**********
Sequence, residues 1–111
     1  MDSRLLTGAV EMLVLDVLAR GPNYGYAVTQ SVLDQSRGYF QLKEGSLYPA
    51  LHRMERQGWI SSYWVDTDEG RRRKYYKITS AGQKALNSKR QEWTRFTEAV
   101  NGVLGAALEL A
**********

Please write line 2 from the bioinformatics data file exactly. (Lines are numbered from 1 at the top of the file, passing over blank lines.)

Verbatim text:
     1  MDSRLLTGAV EMLVLDVLAR GPNYGYAVTQ SVLDQSRGYF QLKEGSLYPA